This accessible book demystifies the links between theory and practice for those studying in the field of early childhood.
The book encourages those new to research to develop their investigations as straightforward narrative accounts of the phenomenon that they are investigating. Throughout the book the authors demonstrate the influence of theoretical perspectives on their own practice and research.
They articulate how this adds depth to their studies by linking into wider and more enduring themes. The book is divided into two parts; part one looks at 'Community, interaction and identity' and addresses several different aspects of social constructivist theory.
Each author explores, less familiar, but increasingly influential ideas emanating from Vygotskian theory. Part two explores 'Structure, power and knowledge' which includes a wider range of theoretical perspectives, that tell a more 'critical' story about how the way society is structured, influences power, institutions and individuals.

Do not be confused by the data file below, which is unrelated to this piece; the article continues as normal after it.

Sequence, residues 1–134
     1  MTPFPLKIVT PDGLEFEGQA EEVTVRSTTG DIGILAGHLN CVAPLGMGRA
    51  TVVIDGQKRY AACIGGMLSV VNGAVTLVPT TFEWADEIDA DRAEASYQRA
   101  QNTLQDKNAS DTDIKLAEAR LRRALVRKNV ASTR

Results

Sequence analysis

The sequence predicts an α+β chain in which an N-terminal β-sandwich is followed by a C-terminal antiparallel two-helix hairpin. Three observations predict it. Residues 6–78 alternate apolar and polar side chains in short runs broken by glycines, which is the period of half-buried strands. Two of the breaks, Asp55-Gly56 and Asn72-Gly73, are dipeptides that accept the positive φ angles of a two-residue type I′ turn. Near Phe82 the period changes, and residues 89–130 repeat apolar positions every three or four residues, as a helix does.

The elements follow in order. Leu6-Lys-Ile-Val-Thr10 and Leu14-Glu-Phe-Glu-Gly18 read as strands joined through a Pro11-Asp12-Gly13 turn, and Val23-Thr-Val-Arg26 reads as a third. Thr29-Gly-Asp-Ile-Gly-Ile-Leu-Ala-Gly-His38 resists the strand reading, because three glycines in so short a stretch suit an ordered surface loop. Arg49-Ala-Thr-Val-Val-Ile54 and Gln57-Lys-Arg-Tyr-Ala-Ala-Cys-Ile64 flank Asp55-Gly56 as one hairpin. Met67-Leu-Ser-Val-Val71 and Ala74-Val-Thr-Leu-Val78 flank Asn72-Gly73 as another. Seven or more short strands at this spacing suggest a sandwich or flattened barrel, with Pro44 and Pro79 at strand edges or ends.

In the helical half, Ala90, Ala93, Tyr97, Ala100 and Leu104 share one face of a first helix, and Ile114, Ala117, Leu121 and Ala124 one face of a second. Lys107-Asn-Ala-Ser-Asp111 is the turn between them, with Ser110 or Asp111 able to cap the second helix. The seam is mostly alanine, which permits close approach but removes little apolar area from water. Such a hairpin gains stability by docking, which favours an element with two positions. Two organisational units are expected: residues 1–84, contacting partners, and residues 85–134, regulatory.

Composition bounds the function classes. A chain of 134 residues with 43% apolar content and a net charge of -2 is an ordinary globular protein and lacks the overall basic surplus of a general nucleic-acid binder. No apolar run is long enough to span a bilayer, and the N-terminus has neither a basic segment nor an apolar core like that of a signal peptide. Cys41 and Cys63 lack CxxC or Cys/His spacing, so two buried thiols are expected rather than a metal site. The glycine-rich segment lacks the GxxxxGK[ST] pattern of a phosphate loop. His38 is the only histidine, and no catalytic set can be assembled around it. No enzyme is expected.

These theories help the authors to describe how working practices serve some groups and disadvantage others. Each chapter includes:Theoretical concepts, which are related to practice and / or research Case studies Examples from research practice enabling readers to explore the practical application of the 'big ideas' Further reading appropriate to the theoretical constructThis book is essential reading for undergraduate students and trainee teachers. Contributors: Tony Bertram, Angeliki Bitou, Liz Brooker, Sue Fawson, Rohan Jowallah, Maggie Leese, Martin Needham, Jane O'Connor, Chris Pascal, Lynn Richards, Faye Stanley, Jo Winwood, Gill Woods, Jenny Worsley - all at University of Wolverhampton except Liz Brooker, who is at the Institute of Education in London.